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The 4 most common deficiencies in children

1. Zinc

Zinc is an essential trace mineral involved in many functions in the body. It affects normal growth and development, involved in taste, smell and appetite regulation, synthesizes male hormones.

Signs of zinc deficiency can be anxiety, OCD, ADHD, frequent infections, picky eaters, irritability, depression, poor wound healing, increased intestinal permeability, eczema, dry skin, acne, low weight, sensitivity to noise, poor vision, and decreased immunity.

Zinc rich foods are pumpkin seeds, beans, beef, sesame seeds, lentils, eggs, cashews, quinoa.

Best forms of supplementation that are easily absorbed can be zinc citrate, zinc picolinate and zinc sulphate. Take away from iron as this will impede its absorption. Other factors impeding the absorption of zinc can be insufficient stomach acid, excess sugar intake, gut inflammation and allergies.

2. Magnesium

Magnesium is an essential mineral required for over 300 enzymatic reactions in the body. It supports healthy mood, focus, and sleep, muscle relaxation, regulates blood sugar metabolism, regulates calcium and potassium. 60% of the body’s magnesium is stored in the bones.

Signs of a magnesium deficiency can be migraine headaches, anxiety, asthma, constipation, muscle cramps and weakness, sleeplessness, fatigue.

Magnesium rich foods are pumpkin seeds, dark chocolate, green leafy vegetables, soy beans, quinoa, sesame seeds, sunflower seeds, cashews, avocadoes, bananas.

Best forms of supplementation are magnesium glycinate and magnesium citrate. Magnesium oxide is the least absorbed and has a laxative effect.

3. Iron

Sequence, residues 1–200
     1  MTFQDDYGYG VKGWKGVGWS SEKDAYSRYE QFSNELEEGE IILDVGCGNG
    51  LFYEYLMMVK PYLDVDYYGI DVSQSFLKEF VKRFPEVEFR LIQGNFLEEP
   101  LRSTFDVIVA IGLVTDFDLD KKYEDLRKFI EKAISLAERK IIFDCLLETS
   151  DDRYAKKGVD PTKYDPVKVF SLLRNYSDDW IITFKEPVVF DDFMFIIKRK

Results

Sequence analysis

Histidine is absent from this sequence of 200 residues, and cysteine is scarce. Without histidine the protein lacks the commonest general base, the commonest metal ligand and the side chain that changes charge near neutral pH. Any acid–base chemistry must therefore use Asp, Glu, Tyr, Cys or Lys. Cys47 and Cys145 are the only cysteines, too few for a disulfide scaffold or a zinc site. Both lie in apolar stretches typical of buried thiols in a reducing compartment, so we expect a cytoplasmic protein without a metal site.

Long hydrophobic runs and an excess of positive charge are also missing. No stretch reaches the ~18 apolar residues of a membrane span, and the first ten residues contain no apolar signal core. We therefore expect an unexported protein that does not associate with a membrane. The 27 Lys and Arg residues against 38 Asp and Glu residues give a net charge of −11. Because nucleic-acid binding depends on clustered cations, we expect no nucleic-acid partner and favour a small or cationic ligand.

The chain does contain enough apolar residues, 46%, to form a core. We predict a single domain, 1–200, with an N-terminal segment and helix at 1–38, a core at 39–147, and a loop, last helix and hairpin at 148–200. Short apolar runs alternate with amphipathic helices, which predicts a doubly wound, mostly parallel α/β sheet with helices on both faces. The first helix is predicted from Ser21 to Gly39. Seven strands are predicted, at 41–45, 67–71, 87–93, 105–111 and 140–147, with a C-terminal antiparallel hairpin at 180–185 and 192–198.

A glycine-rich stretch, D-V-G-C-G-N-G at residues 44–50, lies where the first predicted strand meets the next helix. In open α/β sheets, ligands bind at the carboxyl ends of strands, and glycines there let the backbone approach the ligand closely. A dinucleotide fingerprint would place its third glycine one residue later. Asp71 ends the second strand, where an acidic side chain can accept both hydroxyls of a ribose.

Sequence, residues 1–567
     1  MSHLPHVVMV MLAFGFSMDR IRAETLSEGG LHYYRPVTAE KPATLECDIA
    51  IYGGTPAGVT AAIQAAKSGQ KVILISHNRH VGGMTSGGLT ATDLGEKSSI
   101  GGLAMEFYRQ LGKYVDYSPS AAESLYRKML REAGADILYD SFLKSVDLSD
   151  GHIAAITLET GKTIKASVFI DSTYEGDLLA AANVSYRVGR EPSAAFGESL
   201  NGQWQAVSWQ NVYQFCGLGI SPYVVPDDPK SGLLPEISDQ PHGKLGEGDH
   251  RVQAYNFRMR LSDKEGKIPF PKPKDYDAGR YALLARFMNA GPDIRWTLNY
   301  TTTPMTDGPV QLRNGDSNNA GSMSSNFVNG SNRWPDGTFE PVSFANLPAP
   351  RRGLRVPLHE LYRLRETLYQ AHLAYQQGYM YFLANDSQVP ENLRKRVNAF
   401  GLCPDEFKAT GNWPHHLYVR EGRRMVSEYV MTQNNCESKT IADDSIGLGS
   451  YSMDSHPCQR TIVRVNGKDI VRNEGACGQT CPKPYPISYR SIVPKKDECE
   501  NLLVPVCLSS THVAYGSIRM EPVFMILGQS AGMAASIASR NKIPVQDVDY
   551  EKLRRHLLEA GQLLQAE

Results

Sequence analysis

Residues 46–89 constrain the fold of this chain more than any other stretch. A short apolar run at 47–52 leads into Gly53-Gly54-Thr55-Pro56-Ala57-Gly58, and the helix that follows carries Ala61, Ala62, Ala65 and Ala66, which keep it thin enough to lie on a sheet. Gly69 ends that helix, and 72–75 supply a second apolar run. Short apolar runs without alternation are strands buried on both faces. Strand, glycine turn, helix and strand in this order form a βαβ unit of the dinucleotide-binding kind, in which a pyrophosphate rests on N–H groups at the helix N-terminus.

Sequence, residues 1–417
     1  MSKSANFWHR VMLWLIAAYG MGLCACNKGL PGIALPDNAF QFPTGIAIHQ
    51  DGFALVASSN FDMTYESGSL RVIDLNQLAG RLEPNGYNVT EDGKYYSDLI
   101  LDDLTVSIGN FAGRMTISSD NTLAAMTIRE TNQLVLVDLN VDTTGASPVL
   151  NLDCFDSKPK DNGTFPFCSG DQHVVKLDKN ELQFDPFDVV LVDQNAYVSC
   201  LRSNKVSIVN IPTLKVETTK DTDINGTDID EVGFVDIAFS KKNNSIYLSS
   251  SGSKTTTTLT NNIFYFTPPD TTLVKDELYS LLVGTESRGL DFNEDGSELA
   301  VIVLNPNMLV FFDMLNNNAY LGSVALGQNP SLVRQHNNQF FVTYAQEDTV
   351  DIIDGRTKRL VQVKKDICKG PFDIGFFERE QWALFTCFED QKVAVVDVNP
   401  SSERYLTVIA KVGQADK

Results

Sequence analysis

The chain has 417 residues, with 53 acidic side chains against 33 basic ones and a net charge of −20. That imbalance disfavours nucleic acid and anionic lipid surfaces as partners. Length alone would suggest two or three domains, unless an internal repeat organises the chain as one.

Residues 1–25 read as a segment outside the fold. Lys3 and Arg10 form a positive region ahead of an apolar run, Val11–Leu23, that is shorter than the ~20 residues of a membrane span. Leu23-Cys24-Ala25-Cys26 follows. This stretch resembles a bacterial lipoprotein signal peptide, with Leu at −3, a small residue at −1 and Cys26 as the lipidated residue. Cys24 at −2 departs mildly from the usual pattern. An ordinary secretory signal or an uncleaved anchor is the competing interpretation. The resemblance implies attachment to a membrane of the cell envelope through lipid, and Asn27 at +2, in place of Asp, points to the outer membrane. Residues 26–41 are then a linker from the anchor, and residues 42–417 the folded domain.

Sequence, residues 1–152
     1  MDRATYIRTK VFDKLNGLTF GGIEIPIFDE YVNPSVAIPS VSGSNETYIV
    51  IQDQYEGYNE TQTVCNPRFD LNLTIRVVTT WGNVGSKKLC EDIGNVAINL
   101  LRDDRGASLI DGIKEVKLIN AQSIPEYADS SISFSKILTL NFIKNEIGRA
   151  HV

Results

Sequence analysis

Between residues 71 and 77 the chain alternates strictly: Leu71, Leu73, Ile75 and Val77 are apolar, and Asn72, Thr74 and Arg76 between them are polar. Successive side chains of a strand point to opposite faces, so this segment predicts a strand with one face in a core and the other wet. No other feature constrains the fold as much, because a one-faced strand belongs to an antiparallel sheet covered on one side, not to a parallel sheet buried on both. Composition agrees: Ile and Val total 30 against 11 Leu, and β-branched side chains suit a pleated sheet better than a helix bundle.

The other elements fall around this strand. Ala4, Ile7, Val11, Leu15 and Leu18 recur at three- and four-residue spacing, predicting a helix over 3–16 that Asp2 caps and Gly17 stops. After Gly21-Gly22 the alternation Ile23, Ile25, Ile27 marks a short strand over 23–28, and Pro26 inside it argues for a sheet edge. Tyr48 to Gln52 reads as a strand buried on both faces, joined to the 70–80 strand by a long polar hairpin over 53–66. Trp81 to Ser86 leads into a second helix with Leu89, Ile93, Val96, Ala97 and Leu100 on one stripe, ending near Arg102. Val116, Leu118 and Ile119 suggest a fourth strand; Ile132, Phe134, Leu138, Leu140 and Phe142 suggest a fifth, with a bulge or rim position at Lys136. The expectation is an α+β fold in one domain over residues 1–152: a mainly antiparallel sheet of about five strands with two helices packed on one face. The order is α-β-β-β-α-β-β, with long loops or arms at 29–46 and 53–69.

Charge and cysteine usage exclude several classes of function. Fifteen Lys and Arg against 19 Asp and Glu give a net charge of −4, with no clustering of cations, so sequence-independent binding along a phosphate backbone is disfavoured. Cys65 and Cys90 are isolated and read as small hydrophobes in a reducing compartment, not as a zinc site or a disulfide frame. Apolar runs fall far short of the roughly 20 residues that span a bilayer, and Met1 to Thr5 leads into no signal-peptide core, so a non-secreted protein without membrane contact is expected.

Iron is the most common nutritional deficiency in children. It is an essential component of haemoglobin- the oxygen carrying component of the red blood cells.

Signs of an iron deficiency can be weakness, fatigue, poor growth, developmental delays, cold, craving to eat ice- pica, poor concentration, lower cognitive test results, slower visual and ausitory processing, heavy periods, nosebleeds, irritability, breathlessness, restless legs, pale skin, dark circles under eyes, spoon shaped nails.

Iron rich foods are liver, green leafy vegetables, pumpkin seeds, beef, blackstrap molasses, lentils. Animal sources contain heme iron which is more readily bsorbed than non heme iron, found in plant sources. Cooking with a cast iron skillet can support iron levels. Drinking a lot of cows milk can impede iron absorption and lead to iron deficiency.

Best forms of supplementation is bisglycinate- it is gentler than other forms, easily absorbed and minimizes gastrointestinal symptoms. Teenage girls may find supplementation can improve cognitive function, improve energy, improve concentration and mood.

4. Vitamin D

Vitamin D is a fat soluble vitamin that is actually a hormone. It promotes calcium absorption, regulates calcium and phosphate, regulates immune function, bone mineralization, reduces inflammation, affects brain function and development.

Signs of a Vitamin D deficiency can be frequent illnesses, food allergies, ADHD, anxiety, depression, frequent or easy fractures, eczema, asthma.

Best sources of vitamin D are sunlight. Vitamin D from the sun gets converted by the liver and then the kidneys into the physiological form of Vitamin D. Food sources are cod liver oil, fatty fish, dairy, eggs, caviar, mushrooms.

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